FidelityFX-CLI – Testing FSR and FidelityFX CAS at the command-line

FidelityFX-CLI is a simple, command-line Windows® program that you can find in the FidelityFX-CLI repository in binary and source form. It lets you test our FidelityFX Super Resolution (FSR) 1.0, as well as Contrast Adaptive Sharpening (CAS) effects on image files such as screenshots from your game.

The usage is simple. If you have a screenshot from your game saved as an image file (PNG, JPG, or BMP) just open Windows® Terminal (Command Prompt). Then launch the program with parameters specifying target resolution of the upscaling, the name of the source file to read, and the target file to write, for example:

					FidelityFX_CLI.exe -Mode EASU -Scale 3840 2160 MyGame-01.png MyGame-01_Scaled.png

FSR involves two passes: Edge Adaptive Spatial Upsampling (EASU) and Robust Contrast Adaptive Sharpening (RCAS), so you need to launch the program a second time to perform the sharpening. You can also specify optional parameter -Sharpness to control the sharpening amount – from maximum (0.0) to minimum (2.0).

					FidelityFX_CLI.exe -Mode RCAS -Sharpness 0.2 MyGame-01_Scaled.png MyGame-01_Sharpened.png

Then you will be able to see how our FSR algorithm would affect your game by comparing the two images.

FidelityFX CLI

If you want to compare the FSR result with a simpler upscaling algorithm and see how much difference FSR introduces, use an additional parameter -Mode to choose a different algorithm.

  • NearestNeighbor – your result will then look pixelated.
  • Linear – to use linear interpolation – your result will look blurry.

For example:

					FidelityFX_CLI.exe -Mode Linear -Scale 3840 2160 MyGame-01.png MyGame-01_Linear.png

The tool also supports our Contrast Adaptive Sharpening (CAS) algorithm. To use it, pass a -Mode CAS parameter. It performs (optional) upscaling and sharpening in a single pass. This time, sharpness ranges from 0.0 (which means default sharpness) to 1.0 (maximum sharpness). For example:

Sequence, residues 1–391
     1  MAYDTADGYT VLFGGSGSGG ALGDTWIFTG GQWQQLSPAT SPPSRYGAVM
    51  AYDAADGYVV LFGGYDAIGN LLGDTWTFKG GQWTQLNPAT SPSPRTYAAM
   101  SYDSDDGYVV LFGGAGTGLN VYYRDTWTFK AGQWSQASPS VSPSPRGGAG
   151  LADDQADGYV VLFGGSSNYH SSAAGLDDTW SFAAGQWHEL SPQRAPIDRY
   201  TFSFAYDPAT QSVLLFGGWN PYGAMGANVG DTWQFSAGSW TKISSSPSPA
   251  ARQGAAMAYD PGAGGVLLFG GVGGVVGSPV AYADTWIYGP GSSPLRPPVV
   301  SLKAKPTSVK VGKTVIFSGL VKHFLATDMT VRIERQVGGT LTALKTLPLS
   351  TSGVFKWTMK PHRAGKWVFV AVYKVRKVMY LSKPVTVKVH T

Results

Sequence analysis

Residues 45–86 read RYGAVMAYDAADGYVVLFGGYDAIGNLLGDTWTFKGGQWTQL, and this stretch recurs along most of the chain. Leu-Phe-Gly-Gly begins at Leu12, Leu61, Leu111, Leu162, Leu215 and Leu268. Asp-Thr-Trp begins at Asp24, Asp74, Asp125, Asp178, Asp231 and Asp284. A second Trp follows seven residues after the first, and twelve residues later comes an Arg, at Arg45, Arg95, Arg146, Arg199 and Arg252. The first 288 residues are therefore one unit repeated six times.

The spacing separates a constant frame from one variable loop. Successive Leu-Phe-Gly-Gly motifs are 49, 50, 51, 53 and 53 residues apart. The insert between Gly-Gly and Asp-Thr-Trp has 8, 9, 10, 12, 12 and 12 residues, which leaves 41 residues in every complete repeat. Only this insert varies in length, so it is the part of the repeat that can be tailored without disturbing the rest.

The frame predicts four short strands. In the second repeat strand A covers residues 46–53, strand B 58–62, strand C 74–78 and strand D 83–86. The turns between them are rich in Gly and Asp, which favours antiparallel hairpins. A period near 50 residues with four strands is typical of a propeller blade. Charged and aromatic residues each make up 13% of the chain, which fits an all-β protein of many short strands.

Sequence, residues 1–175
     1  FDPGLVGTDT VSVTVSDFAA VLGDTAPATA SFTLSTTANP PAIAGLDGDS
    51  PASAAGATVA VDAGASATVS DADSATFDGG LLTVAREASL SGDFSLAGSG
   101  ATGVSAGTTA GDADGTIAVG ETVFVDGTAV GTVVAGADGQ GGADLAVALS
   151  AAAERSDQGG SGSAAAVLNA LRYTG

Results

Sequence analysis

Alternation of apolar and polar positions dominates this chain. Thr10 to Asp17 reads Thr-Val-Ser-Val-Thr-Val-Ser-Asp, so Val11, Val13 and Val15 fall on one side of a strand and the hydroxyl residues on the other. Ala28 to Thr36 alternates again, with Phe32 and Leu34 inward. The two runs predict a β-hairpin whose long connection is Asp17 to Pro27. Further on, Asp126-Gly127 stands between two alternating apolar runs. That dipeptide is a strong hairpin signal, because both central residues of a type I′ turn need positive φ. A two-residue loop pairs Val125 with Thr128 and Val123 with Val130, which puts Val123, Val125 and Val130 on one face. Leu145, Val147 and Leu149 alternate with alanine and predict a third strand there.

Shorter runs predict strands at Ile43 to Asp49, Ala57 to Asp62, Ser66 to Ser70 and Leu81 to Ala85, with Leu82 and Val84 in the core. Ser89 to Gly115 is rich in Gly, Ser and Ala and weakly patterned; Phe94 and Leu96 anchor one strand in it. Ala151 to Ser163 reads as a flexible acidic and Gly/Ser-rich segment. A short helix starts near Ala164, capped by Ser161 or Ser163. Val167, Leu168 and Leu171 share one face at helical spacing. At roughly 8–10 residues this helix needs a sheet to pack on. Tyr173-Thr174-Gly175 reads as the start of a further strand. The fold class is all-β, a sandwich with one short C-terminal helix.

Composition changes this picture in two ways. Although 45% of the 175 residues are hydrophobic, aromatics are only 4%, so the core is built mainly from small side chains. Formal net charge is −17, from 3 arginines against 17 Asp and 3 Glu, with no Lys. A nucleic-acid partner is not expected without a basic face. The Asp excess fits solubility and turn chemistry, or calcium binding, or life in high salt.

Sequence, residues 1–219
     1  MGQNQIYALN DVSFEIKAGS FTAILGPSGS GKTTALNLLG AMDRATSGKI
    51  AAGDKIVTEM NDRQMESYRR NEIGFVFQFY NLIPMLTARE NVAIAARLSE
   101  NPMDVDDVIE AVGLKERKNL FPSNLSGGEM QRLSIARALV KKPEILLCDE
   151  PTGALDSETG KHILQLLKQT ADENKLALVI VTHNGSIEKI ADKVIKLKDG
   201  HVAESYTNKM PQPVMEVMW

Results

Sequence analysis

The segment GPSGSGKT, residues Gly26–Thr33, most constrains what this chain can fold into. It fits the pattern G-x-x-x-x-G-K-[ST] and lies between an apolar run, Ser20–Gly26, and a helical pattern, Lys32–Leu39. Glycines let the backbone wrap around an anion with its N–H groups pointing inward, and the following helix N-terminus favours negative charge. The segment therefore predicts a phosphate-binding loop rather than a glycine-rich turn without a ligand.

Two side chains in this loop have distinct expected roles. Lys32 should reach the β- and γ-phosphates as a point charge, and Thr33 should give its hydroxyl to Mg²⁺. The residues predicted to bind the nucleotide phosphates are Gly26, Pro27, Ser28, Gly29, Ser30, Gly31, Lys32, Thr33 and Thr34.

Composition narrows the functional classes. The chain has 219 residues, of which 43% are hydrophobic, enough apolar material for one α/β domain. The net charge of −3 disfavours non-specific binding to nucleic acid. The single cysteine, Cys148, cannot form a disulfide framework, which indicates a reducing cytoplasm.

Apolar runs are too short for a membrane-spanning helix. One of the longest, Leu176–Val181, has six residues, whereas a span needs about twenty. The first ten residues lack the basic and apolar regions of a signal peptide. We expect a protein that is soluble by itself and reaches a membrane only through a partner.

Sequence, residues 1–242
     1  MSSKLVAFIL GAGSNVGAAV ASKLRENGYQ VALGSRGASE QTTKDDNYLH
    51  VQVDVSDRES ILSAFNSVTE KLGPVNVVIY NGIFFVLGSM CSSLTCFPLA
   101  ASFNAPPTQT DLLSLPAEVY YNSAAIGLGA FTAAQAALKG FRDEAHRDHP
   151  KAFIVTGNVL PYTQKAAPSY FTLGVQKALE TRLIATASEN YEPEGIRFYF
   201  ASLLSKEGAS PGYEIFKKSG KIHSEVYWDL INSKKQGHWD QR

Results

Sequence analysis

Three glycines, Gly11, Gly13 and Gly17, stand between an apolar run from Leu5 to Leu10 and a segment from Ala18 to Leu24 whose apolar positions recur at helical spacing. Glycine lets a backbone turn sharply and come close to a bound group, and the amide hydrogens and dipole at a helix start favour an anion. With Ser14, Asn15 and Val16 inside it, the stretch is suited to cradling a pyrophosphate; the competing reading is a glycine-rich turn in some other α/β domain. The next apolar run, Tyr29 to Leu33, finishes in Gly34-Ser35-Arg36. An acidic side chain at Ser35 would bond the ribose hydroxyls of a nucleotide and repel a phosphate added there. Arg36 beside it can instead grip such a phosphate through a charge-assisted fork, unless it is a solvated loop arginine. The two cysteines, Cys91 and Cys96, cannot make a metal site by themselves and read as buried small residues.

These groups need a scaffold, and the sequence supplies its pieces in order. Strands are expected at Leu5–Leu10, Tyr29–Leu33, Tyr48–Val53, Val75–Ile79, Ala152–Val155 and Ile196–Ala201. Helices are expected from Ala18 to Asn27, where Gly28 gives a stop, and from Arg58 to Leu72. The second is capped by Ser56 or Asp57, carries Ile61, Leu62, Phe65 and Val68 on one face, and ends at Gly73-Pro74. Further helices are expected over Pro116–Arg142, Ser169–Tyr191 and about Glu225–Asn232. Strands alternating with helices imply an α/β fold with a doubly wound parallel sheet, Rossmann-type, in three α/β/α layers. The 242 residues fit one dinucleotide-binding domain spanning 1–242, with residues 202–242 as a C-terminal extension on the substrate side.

FidelityFX_CLI.exe -Mode CAS -Scale 3840 2160 -Sharpness 0 MyGame-01.png MyGame-01_CAS.png

The tool offers additional features for advanced users. By default, it assumes the image is saved with sRGB gamma encoding and performs conversion to linear space and back (gamma correction) whenever necessary. If you want to work on a dump of some intermediate texture from inside of your engine which is stored in linear space, use parameter -Linear to disable the gamma correction.

You can also increase the precision of processing by specifying -FP16 parameter. The program will then use R16G16B16A16_FLOAT texture format. By default, it is R8G8B8A8_UNORM. Note that using such high precision requires an appropriate file format.

Full documentation of the command line syntax is printed in the terminal when you launch the program without any parameters.

The tool is open source, based on the MIT license. The source is written in C++, uses Windows® Imaging Component (WIC) to load and save images, and initializes Direct3D® 11 (without any window or swapchain) to launch FSR or CAS shader. It may also serve as a simple example of FSR integration.

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Adam Sawicki

Adam Sawicki

Adam works in the European Game Engineering team, primarily on Vulkan® and Direct3D®12 games technology and the games that use it. Links to third party sites, and references to third party trademarks, are provided for convenience and illustrative purposes only. Unless explicitly stated, AMD is not responsible for the contents of such links, and no third party endorsement of AMD or any of its products is implied.

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